Court to weigh wage pro­tec­tions for home-care work­ers

Modern Healthcare - - THE WEEEK AHEAD - —Lisa Schencker

The home-care in­dus­try and the Obama ad­min­is­tra­tion will face off Thurs­day in a fed­eral ap­peals court in Wash­ing­ton in a case with ma­jor fi­nan­cial im­pli­ca­tions for the in­dus­try and its low-wage work­ers.

The case cen­ters on whether a U.S. La­bor Depart­ment can re­quire home­care providers to pay min­i­mum wages and over­time to their work­ers. Be­fore the rule, home-care work­ers of­fer­ing “fel­low­ship, care and pro­tec­tion” to the el­derly and dis­abled had been legally ex­empt from min­i­mum wage and over­time pay pro­tec­tions. The new rule nar­rowed the def­i­ni­tion of so­called com­pan­ion­ship ser­vices and barred third-party em­ploy­ers such as home-care com­pa­nies from tak­ing ad­van­tage of the wage ex­emp­tions.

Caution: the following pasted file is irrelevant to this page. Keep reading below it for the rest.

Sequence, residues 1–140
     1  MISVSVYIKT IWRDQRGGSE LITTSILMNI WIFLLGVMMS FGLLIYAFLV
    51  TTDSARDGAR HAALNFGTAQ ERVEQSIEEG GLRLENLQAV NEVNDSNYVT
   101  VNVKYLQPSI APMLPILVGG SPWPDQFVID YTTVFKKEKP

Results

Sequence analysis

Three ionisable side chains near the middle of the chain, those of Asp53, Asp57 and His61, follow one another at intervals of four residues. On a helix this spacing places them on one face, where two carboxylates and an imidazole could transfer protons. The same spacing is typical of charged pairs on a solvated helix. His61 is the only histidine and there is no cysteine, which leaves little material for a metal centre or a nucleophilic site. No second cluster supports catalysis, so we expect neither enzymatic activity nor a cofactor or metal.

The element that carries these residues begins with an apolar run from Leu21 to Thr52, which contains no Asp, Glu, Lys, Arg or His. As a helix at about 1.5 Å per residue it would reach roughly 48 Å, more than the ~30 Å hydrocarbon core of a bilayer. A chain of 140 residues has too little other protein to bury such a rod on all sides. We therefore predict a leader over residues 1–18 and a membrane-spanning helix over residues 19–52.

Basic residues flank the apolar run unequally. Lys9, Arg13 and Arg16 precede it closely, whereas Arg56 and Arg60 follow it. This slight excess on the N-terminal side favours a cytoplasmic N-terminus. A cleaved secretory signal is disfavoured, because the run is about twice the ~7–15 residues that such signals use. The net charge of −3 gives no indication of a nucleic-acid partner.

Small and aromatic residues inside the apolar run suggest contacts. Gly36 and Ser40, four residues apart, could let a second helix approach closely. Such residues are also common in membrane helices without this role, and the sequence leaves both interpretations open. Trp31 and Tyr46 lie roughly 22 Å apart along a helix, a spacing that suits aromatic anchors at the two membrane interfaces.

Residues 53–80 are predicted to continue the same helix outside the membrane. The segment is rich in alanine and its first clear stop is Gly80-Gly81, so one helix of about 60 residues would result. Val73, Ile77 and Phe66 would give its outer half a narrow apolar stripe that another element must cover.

The Na­tional As­so­ci­a­tion for Home Care & Hospice and other in­dus­try groups sued in June to block the rule, ar­gu­ing it would re­duce ac­cess to qual­ity, af­ford­able care. But the La­bor Depart­ment and the Para­pro­fes­sional Health­care In­sti­tute, a group rep­re­sent­ing home-care work­ers, said work­ers de­serve higher wages and wage pro­tec­tions.

A U.S. Dis­trict Court judge ruled against the gov­ern­ment, say­ing Congress in­tended the wage ex­emp­tions to keep home care af­ford­able and only Congress could change that. The gov­ern­ment ap­pealed to the U.S. Court of Ap­peals for the Dis­trict of Columbia Cir­cuit.

The gov­ern­ment ar­gues the rule would lead to bet­ter-qual­i­fied home­care work­ers, less turnover and bet­ter care. In­dus­try groups say it would lead to in­creased in­sti­tu­tion­al­iza­tion of el­derly and dis­abled peo­ple.

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